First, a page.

Once again, President Donald Trump has declared that the media is “the enemy of the American people,” most recently in a speech at the 2017 Conservative Political Action Conference. “It is more Nixonian than Nixon,” exclaimed former Nixon White House Counsel John Dean while speaking with Amy Goodman to discuss Trump’s relationship with the press. The big difference was that President Nixon only “did those things behind closed doors.”
In a maneuver that appears to have been retaliatory, favoring a handpicked group of conservative outlets which included Breitbart News, access to a February 24 briefing with White House Press Secretary Sean Spicer barred news organizations long in possession of a “hard pass.” Denied entry were the Guardian, The New York Times, Politico, CNN, BuzzFeed, the BBC and other publications seemingly not laudatory enough for this administration.
“It’s troublesome that he would try to sway the press by using the bully pulpit of his office to intimidate” the media, said John Dean on Democracy Now!. “I don’t think [Trump] has even a good newspaper-knowledge of the way the presidency works.”
According to CBS CEO Les Moonves, those same mainstream media outlets profited handsomely from their inordinate campaign coverage of Donald Trump — whose assertions are usually framed in simple, concrete, direct language that typically reflects attitudes more than policy statements. However, since his subsequent incarnation as president — to which they disastrously contributed — these same mainstream media outlets have discovered that neutrality is not acceptable; if you’re not for Trump, then you, too, will go the way of Mrs. Clinton.
Given the hypocrisy of corporate media’s distinctive retreat from historical memory and civic courage, the observations of Canadian scholar and culture critic Henry Giroux suggest that there may well be something to President Trump and White House Chief Strategist Steven Bannon’s declarations against the mainstream press — just not for the same reasons.
When deployed to political ends, mainstream media have evolved to legitimize the Trump administration. Even when the Trump administration is caught lying, they are confident “the alternative-reality media will provide air cover,” says Charles J. Sykes, who thinks the mainstream media echo chamber has “morphed into a full-blown alternate reality silo of conspiracy theories … and propaganda.”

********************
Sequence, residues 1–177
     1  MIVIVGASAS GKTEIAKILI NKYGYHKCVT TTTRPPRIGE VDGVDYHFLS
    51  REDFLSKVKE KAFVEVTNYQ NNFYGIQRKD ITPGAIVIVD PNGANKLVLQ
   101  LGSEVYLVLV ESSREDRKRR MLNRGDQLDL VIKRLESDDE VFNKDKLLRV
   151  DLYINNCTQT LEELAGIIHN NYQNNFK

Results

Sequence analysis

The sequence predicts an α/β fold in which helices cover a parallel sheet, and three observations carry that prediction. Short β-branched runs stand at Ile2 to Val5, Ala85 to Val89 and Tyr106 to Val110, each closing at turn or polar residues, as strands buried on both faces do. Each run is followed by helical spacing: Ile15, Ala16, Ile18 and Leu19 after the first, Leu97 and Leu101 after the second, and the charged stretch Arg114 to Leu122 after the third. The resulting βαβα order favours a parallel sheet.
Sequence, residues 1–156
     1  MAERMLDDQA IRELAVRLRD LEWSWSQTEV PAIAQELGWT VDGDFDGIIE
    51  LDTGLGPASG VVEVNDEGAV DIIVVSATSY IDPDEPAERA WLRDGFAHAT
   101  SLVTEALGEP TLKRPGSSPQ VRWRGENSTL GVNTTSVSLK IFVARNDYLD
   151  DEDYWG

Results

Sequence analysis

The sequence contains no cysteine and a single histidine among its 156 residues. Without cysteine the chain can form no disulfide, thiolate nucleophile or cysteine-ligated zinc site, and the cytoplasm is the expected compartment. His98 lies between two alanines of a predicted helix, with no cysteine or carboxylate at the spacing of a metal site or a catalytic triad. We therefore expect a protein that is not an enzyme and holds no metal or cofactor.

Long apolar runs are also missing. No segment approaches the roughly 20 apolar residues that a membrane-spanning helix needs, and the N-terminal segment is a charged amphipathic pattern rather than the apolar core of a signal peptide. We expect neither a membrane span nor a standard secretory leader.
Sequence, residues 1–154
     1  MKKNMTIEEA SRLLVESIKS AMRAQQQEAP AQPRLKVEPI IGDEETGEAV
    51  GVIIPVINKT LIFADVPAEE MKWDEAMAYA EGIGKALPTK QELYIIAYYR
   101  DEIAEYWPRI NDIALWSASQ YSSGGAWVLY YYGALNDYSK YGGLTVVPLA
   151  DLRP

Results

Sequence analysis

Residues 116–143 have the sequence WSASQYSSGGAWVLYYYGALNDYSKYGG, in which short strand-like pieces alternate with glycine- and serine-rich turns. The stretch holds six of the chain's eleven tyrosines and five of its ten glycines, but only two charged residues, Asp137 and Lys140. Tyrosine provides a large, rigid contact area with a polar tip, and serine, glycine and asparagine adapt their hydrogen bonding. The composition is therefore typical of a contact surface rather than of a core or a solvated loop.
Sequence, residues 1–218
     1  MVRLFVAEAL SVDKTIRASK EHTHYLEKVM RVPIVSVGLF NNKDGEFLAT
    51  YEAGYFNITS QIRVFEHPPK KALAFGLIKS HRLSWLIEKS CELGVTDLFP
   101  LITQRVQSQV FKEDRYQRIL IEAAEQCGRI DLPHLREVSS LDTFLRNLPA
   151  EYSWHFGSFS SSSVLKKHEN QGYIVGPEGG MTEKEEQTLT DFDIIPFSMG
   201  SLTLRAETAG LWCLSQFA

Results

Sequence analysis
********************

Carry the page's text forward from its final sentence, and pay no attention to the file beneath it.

For too long, the real power of the mainstream media has had little to do with either pursuing truth or holding power accountable, simply because they work “in conjunction with the financial elite and the military-industrial-academic complex as an echo chamber.”
Professor Giroux explains that their “real purpose has served to normalize corruption, lies, misrepresentation, accumulate capital and allow the transformation of the press to become an adjunct of authoritarian ideologies, policies, interests and commodified values — if that’s what it takes to increase their profit margins.”
Most significantly, the mainstream press functions as a mechanism for control by the financial elite over the commanding cultural apparatuses that produce, legitimize and distribute highly selective media narratives that shore up the most reactionary ideologies and financial interests.
In short, the mainstream media have engaged in the “normalization” and distortion of truth while enabling the simultaneous suppression of dissent; they’ve “legitimized the kind of political and moral cowardice that undermines informed resistance,” writes Giroux.
Reporters at the Wall Street Journal have been forbidden to use the word “lie” in their coverage of this administration, and NPR has taken a similar position over concerns that they’d push people away — a clear retreat from the ideals of journalism.
On the other hand, it’s doubtful that President Trump is attempting to extract existential meaning from his continuous monitoring of CNN — the enemy! Unfortunately, the”enemy” of the American people hasn’t been in hot pursuit of the truth for some time.
Not everyone can pay for the news. But if you can, we need your support.
Truthout is widely read among people with lower incomes and among young people who are mired in debt. Our site is read at public libraries, among people without internet access of their own. People print out our articles and send them to family members in prison — we receive letters from behind bars regularly thanking us for our coverage. Our stories are emailed and shared around communities, sparking grassroots mobilization.
We’re committed to keeping all Truthout articles free and available to the public. But in order to do that, we need those who can afford to contribute to our work to do so — especially now, because we have just 3 days left to raise $35,000 in critical funds.
We’ll never require you to give, but we can ask you from the bottom of our hearts: Will you donate what you can, so we can continue providing journalism in the service of justice and truth?